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dudeman

I think you have a typo there for Pierre’s previous career high in HBP. And also where you refer to his post-April OBP, you write “from April on.” I swear I’m not trying to play Gotcha! on you, Jim.
Pierre had me worried early on, not because of his Avg., but because he looked like he had lost a step. Guys like him can’t afford to lose a step. But I guess I was wrong, since he improved in left, on the bases, and in the box.
Did you really write an entire retrospective article on the Juan Pierre acquisition without mentioning John Ely?!?! Somewhere, Phil Rogers is shaking his head.

adrockski

Nice thoughtful, reasoned analysis. This is why I tune in.

tompope

“… one of my chief problems with the White Sox philosophy: their overemphasis on means instead of ends.” I love it. Well-said.
Out of curiosity, though, Jim, do you know exactly whose philosophy that is? Surely not everybody in the White Sox organization shares those beliefs, right? When you say, for example, that “they believe runs count more if they have to work harder,” that sounds like the kind of thing Ozzie would say, but does the rest of the leadership team think that, too? Does Kenny Williams believe that? Rick Hahn? Jerry Reinsdorf? I’m just wondering how pervasive that sort of foolish, anti-rational outlook is in an organization that I root for and generally respect.

tompope

Wait, so we’re counting Hawk Harrelson as part of the White Sox organization with respect to the means/ends balance of his offensive philosophy? Then we’re in more trouble than I thought.

matt

I think Pierre would have been infinitely more valuable if the Sox had bothered to do something about the revolving DH of death. As you mentioned, he does play a power position which wouldn’t have been a problem say if you were getting serious power production from your DH. Ah well, a season where you got close is more interesting than a season you didn’t have a chance in right?

baseballjones

Great analysis. I’ve been a fan of the Pierre trade since day 1, and was opposed to the return of Pods all along as well. April sure didn’t help in the debate, but after an entire season to consider it (Pierre vs. Pods), I feel like my initial hunch on it helping the team has been confirmed. A return to .300 next season for JP would only make it that much more of a successful move keeping LF and the lead-off spot “warm” until Jared Mitchell (if all goes well) is ready to “assume the position(s)”…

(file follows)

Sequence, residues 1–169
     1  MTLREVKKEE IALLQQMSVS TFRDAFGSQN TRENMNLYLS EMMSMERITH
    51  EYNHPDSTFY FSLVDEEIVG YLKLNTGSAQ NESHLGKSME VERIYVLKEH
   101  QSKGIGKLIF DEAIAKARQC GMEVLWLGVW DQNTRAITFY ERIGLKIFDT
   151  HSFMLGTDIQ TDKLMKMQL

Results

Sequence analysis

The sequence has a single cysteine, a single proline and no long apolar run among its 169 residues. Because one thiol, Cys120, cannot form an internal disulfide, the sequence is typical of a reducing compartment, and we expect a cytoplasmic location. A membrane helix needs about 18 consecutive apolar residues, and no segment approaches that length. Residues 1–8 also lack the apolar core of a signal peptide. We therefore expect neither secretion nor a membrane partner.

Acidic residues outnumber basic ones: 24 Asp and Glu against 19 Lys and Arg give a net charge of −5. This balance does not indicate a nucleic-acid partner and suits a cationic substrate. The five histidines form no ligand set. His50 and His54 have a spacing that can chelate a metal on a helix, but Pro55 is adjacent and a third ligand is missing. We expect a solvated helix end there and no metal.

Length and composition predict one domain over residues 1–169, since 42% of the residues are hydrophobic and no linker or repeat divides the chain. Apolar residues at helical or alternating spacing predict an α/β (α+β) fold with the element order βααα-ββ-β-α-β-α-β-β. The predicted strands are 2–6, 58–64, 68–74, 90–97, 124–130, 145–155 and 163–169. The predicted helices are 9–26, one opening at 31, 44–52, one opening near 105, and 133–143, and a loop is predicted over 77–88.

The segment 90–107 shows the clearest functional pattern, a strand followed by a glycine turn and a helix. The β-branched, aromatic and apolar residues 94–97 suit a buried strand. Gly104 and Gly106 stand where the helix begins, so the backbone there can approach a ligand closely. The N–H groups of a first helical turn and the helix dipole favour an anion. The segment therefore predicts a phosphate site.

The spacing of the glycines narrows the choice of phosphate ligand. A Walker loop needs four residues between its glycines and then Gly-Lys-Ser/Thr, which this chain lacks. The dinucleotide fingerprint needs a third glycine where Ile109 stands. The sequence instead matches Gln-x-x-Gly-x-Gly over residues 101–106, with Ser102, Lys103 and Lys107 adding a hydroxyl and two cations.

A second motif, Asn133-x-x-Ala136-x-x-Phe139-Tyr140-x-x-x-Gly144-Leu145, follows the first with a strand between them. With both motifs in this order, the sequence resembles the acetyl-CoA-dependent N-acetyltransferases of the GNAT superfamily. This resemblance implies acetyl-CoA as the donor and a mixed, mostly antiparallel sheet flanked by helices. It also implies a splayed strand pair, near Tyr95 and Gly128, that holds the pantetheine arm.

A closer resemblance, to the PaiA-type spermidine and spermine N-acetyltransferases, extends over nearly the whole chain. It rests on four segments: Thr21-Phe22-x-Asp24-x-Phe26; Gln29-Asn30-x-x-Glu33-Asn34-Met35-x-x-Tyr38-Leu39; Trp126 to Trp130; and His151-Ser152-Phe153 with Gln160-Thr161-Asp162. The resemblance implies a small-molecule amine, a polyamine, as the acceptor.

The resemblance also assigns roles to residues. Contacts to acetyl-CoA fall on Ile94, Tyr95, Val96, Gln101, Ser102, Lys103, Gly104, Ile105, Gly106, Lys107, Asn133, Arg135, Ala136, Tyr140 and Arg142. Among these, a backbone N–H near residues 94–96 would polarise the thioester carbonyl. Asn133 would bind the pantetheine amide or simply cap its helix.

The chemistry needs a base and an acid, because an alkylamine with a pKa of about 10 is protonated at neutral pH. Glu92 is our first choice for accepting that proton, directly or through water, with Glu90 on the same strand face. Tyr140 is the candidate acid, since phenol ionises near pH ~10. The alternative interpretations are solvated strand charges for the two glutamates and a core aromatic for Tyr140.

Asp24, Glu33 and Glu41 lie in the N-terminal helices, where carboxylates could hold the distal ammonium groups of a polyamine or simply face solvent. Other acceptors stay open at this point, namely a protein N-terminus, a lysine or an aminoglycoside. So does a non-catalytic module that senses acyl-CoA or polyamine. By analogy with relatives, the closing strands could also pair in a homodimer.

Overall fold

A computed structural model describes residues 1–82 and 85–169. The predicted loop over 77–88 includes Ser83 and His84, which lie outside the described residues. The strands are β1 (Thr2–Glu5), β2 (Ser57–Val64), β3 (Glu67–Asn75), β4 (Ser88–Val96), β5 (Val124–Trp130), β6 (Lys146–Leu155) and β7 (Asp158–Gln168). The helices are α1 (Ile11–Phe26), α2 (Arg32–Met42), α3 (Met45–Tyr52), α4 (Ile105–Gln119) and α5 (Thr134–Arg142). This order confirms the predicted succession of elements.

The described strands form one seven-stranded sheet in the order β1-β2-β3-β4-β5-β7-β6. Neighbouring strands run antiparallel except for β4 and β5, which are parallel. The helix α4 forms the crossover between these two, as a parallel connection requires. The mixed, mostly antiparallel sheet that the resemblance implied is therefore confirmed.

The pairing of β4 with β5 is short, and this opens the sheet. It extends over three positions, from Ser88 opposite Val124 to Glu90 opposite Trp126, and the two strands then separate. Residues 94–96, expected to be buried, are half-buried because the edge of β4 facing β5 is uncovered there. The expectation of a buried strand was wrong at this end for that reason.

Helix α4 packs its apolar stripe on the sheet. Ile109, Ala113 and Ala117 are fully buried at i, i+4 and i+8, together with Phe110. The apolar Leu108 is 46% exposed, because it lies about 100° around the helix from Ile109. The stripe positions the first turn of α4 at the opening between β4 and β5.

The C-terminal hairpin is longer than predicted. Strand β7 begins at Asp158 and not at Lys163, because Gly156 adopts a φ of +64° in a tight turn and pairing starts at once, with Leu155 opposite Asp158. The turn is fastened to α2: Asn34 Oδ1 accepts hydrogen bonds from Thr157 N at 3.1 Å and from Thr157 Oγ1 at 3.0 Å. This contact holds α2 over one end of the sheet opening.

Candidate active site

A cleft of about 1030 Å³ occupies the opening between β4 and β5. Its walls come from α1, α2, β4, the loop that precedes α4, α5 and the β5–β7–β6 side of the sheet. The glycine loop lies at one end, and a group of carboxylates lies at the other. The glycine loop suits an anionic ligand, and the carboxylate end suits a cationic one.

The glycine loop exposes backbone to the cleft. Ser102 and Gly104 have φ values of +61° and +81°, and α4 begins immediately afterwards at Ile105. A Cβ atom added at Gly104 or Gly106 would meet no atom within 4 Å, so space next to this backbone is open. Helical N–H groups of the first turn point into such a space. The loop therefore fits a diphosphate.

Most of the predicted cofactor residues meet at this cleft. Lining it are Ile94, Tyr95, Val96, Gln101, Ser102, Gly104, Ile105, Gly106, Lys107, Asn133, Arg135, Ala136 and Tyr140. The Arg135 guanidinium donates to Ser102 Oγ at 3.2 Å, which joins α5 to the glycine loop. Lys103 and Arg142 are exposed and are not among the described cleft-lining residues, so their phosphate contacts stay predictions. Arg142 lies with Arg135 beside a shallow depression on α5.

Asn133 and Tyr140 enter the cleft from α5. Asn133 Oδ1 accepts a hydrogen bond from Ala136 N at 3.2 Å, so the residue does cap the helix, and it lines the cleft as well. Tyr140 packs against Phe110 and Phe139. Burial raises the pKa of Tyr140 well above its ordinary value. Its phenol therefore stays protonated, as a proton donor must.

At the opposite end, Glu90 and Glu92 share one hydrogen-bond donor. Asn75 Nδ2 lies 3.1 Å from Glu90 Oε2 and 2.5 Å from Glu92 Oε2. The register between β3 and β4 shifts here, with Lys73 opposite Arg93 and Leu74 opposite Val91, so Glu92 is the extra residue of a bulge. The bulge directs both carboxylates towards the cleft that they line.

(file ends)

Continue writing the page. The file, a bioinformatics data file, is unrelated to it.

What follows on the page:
alwayssox

Some of the slow start may have also been the league adjustment. I couldn’t locate a good metric for this. Production month to month doesn’t necessarily account for seeing the same pitcher over time. He does have interesting splits in times facing a pitcher in a game.
http://www.baseball-reference.com/players/split.cgi?n1=pierrju01&year=2010&t=b

baseballjones

I may be reaching here, but from what I observed of Pierre, his bunting was just a hair off. Several times bunting just a bit too firmly and getting thrown out by a half-to-full step. I wondered if he was not used to the infield “landscape” around the home plate area, and whether or not this might improve over time? It seemed that he did make some adjustments and began more directional bunting (harder but away from third base, and more behind the pitcher follow through side)…did anyone else see the same? He also had several balls hit right on the nose, and exactly where it looked like he wanted to take the pitch, but with a well-positioned outfielder waiting to field it. A few more of each variety (bunt attempts & “hang with-ems”) falling in, and you have a .300 hitter. And maybe an 80+SB guy as well?